Village of Schaumburg v. Citizens for Better Environment

PETITIONER: Village of Schaumburg
RESPONDENT: Citizens for Better Environment
LOCATION: Schaumburg Village Hall

DOCKET NO.: 78-1335
DECIDED BY: Burger Court (1975-1981)
LOWER COURT: United States Court of Appeals for the Seventh Circuit

CITATION: 444 US 620 (1980)
ARGUED: Oct 30, 1979
DECIDED: Feb 20, 1980

ADVOCATES:
Adam Yarmolinsky - on behalf of the amici curiae
Jack M. Siegel - on behalf of the Petitioner
Milton I. Shadur - on behalf of the Respondents

Facts of the case

The Village of Schaumburg Illinois adopted an ordinance that prohibited charitable organizations from soliciting contributions in public areas without a permit. Permits were only granted to organizations that could demonstrate that 75 percent of their receipts were applied towards "charitable purposes." Citizens for Better Environment, a nonprofit tax-exempt organization, was denied a permit because it did not satisfy the 75-percent requirement. CBE sued in federal district court, which ruled in their favor. The United States Court of Appeals for the Seventh Circuit affirmed this ruling.

Question

Was Schaumburg's ordinance "overbroad" and therefore in violation of the First and Fourteenth Amendments?

Media for Village of Schaumburg v. Citizens for Better Environment

Audio Transcription for Oral Argument - October 30, 1979 in Village of Schaumburg v. Citizens for Better Environment

Audio Transcription for Opinion Announcement - February 20, 1980 in Village of Schaumburg v. Citizens for Better Environment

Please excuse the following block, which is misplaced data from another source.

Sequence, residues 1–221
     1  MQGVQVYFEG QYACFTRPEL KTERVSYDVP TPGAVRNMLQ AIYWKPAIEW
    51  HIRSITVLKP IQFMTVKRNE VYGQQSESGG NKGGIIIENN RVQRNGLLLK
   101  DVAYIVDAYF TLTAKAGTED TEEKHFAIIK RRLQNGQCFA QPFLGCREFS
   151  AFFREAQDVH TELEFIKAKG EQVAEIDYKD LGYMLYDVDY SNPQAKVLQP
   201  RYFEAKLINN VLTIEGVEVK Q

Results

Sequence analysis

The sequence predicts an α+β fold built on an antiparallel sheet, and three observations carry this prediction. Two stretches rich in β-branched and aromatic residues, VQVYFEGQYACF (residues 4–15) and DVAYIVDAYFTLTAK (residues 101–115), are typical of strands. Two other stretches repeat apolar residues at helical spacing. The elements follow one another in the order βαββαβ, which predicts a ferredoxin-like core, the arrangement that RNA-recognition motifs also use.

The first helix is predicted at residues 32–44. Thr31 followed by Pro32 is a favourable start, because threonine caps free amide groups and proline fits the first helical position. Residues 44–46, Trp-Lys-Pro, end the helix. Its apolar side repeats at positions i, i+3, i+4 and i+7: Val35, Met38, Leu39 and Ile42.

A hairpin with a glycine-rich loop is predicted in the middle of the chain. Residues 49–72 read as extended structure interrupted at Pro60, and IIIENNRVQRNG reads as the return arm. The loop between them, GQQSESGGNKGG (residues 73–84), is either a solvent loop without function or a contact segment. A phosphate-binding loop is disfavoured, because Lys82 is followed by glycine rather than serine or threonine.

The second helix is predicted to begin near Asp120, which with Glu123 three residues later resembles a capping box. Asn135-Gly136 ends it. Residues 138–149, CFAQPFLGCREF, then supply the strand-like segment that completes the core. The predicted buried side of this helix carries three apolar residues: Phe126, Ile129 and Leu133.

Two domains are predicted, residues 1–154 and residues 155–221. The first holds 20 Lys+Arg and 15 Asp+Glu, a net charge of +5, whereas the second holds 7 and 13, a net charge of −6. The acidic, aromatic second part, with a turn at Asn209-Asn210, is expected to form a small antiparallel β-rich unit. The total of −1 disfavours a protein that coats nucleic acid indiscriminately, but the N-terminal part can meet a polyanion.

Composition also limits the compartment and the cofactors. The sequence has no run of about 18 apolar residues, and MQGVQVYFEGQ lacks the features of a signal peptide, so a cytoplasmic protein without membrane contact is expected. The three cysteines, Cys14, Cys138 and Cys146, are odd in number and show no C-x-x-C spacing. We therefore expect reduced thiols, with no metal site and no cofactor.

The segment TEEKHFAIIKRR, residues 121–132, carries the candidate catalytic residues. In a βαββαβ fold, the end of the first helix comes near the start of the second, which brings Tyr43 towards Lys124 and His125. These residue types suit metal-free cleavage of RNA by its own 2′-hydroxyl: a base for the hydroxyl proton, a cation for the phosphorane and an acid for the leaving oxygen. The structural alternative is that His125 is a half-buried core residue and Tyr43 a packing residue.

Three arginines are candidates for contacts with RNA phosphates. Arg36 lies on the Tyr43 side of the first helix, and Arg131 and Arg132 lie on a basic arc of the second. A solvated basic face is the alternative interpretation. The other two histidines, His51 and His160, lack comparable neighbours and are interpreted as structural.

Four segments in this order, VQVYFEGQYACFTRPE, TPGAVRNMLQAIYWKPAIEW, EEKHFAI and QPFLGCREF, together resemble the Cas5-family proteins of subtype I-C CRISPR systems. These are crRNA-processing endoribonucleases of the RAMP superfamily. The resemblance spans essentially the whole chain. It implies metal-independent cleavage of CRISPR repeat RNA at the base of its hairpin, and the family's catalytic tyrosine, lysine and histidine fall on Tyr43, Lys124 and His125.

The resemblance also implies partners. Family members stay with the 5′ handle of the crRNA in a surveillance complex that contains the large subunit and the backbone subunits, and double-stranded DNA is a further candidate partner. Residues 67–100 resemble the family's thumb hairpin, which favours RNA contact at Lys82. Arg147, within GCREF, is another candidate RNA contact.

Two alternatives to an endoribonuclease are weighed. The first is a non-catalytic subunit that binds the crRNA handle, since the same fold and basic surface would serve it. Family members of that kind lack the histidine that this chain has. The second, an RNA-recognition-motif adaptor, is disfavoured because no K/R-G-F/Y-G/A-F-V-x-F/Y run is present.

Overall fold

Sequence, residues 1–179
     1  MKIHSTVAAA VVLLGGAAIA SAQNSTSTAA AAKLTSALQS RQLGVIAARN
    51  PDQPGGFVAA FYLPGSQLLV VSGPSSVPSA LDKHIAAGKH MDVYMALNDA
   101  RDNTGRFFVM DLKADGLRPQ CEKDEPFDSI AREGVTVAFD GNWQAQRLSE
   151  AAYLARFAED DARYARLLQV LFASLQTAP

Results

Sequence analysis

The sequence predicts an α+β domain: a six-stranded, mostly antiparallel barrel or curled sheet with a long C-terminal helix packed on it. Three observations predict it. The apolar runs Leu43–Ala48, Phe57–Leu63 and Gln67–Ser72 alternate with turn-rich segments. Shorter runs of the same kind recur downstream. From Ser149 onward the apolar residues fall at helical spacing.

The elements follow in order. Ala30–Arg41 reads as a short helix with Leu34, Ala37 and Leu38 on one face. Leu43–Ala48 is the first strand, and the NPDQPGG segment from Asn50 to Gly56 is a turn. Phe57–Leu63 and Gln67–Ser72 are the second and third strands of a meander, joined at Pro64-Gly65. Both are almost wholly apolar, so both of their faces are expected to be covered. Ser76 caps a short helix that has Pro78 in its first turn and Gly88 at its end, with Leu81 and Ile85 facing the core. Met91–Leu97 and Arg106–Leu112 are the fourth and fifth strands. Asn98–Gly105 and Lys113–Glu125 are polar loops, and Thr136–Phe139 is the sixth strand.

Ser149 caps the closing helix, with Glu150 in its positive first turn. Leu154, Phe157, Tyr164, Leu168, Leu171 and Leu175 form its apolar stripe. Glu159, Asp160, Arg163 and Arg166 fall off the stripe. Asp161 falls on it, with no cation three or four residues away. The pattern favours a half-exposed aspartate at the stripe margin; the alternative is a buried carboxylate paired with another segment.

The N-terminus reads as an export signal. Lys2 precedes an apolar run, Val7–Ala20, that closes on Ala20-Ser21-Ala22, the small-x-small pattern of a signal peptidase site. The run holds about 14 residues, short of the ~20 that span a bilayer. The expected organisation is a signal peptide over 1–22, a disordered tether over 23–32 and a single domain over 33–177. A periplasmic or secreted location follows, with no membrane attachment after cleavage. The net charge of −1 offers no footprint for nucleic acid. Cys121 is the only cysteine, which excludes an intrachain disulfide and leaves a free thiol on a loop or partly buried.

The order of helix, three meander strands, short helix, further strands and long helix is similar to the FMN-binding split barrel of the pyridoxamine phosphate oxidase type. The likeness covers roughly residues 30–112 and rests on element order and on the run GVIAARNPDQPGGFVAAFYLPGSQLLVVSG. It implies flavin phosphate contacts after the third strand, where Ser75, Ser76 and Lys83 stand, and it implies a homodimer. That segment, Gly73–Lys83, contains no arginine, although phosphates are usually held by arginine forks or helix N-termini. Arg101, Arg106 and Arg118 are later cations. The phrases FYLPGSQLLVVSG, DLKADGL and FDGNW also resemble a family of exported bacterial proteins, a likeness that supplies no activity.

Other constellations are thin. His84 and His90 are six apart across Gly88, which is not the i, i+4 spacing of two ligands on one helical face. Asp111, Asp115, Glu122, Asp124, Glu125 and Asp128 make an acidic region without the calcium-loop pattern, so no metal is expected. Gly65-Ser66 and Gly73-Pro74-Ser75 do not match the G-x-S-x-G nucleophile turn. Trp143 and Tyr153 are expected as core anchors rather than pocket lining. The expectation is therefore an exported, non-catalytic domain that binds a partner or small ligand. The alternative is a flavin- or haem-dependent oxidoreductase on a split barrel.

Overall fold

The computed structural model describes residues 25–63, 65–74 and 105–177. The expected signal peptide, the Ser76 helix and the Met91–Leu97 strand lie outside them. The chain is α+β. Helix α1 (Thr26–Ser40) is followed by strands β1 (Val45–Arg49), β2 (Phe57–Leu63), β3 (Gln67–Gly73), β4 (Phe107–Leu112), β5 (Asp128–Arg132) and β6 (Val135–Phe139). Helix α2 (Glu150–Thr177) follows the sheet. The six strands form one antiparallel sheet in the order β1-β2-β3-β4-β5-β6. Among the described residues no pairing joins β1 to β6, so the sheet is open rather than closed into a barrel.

Warren E. Burger:

Two opinions are ready for announcement by Mr. Justice White, the Village of Schaumburg against Citizens for a Better Environment and Committee for Public Education and Religious Liberty against Regan.

Byron R. White:

In the Schaumburg case which has comes here from the Seventh Circuit on a writ of certiorari.

The Village of Schaumburg in Cook County forbids door to door solicitation by charitable organizations unless the organization spends at least 75% of its receipts on charitable purposes which are defined to exclude salaries, solicitation expenses, overhead and other administrative expenses.

The District Court and the Court of Appeals both decided that both held that the ordinance was unconstitutional under the First and Fourteenth Amendment because it unduly interfered with the communication of information and ideas by charitable organizations.

We agree and affirmed the judgment of the Court of Appeals.

We have filed an opinion stating at some length our reasons for -- for this conclusion.

Mr. Justice Rehnquist has filed a dissenting opinion.